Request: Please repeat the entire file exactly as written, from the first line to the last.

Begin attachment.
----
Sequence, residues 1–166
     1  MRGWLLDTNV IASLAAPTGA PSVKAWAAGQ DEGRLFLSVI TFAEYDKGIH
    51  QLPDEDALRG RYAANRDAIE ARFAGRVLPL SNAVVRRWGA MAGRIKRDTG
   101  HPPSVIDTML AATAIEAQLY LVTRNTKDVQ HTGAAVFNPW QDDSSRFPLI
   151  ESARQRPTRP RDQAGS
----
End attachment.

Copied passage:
Sequence, residues 1–166
     1  MRGWLLDTNV IASLAAPTGA PSVKAWAAGQ DEGRLFLSVI TFAEYDKGIH
    51  QLPDEDALRG RYAANRDAIE ARFAGRVLPL SNAVVRRWGA MAGRIKRDTG
   101  HPPSVIDTML AATAIEAQLY LVTRNTKDVQ HTGAAVFNPW QDDSSRFPLI
   151  ESARQRPTRP RDQAGS